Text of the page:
The former Newport Elementary School, which closed in 2019, was bought by the training arm of the International Brotherhood of Electrical Workers Local 1253 and has become a training facility for apprentice electricians. Photo courtesy of AFL-CIO

The Augusta Electrical Joint Apprenticeship and Training Committee program and International Brotherhood of Electrical Workers Local 1253 are moving into a new, shared home come fall.

Augusta Electrical JATC purchased the former Newport Elementary School building in late January in hopes of opening in the fall, just in time for the local’s 75th anniversary.

“It really gives us the space to improve the training that we do for our current apprentices, and it gives us expanded outreach to the surrounding communities,” training director George Howe said. “This will give us the opportunity to expand what we can offer and hopefully offer more opportunities.”

The town owned the building, and the Newport Board of Selectmen had to approve the purchase. The union likes the location because it is accessible from a number of state roads.

The union plans to break down walls in two classrooms to create a nearly 1,400-square-foot lab. Apprentices will conduct hands-on electrical work there. Four other classrooms will be utilized. The apprenticeship program and union also will renovate a room into a conference center.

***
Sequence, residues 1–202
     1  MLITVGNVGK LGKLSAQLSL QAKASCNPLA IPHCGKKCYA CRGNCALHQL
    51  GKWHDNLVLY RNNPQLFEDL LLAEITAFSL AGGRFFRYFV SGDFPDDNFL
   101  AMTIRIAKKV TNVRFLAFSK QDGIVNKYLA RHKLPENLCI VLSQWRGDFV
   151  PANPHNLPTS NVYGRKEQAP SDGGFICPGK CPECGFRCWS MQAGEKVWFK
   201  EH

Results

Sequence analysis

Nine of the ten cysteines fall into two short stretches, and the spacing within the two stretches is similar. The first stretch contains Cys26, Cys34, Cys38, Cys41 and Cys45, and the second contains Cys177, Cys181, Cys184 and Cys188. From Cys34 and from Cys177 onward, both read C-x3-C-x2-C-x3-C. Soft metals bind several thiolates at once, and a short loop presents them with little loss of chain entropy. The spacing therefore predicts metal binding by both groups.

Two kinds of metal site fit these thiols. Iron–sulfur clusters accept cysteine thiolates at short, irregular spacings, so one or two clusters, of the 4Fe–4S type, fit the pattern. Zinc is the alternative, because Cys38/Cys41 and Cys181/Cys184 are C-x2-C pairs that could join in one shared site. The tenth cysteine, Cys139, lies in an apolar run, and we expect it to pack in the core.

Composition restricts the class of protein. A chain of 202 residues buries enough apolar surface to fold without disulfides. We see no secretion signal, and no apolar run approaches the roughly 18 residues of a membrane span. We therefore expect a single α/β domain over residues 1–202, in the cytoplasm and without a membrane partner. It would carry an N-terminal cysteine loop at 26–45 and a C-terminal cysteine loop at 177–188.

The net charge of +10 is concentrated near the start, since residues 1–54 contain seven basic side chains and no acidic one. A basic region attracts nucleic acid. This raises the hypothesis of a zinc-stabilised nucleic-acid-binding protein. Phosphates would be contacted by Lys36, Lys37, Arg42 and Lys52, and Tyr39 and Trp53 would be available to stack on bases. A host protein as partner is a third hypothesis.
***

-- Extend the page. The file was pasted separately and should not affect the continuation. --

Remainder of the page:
Other parts of the school, which closed in 2019, may be rented out to another union.


“We’re essentially tied at the hip here; it’s almost synonymous,” IBEW Local 1253 business manager Chuck Fraser said. “We have people who run each different division of it, but we’re in lockstep with each other. … They become the future of the IBEW.”

Augusta Electrical JATC said all apprentices become members of IBEW Local 1253. There will be approximately 245 members of the union once the most recent class gets fully processed. Not all union members went through the apprenticeship program, but all members of the apprenticeship program go into the union.

Apprentices become journeymen after the four-year training program, which includes more than 900 hours of classroom training. The state requires 8,000 hours of on-the-job training.

“They get the opportunity to work with our signatory contractors, and they have two nights of classes per week,” Howe said. “We like them to be active in our projects.”

Past apprentices have helped with Habitat for Humanity, at schools and at other projects as volunteers.

Currently, 64 apprentices are in the program. Howe anticipates between 70-80 apprentices this fall in the program. Most training now is done over Zoom due to the pandemic, but they’ve also utilized the United Technologies Center in Bangor and IBEW’s current 3,000-square-foot building in Fairfield.

The training program itself started in 1964. For years, training occurred in locations across the region in Augusta, Clinton, Bangor, Fairfield and other municipalities. Fraser, an IBEW Local 1253 member for 35 years, said they were “just bouncing” around.

The new building is a welcome sight for union veterans.

“We’re going to be able to have a transformer, motor controls, so that’s the exciting part about it,” Fraser said. “There’s a 75-year birthday coming up, so we’re going to have a legitimate training center to help organize.”

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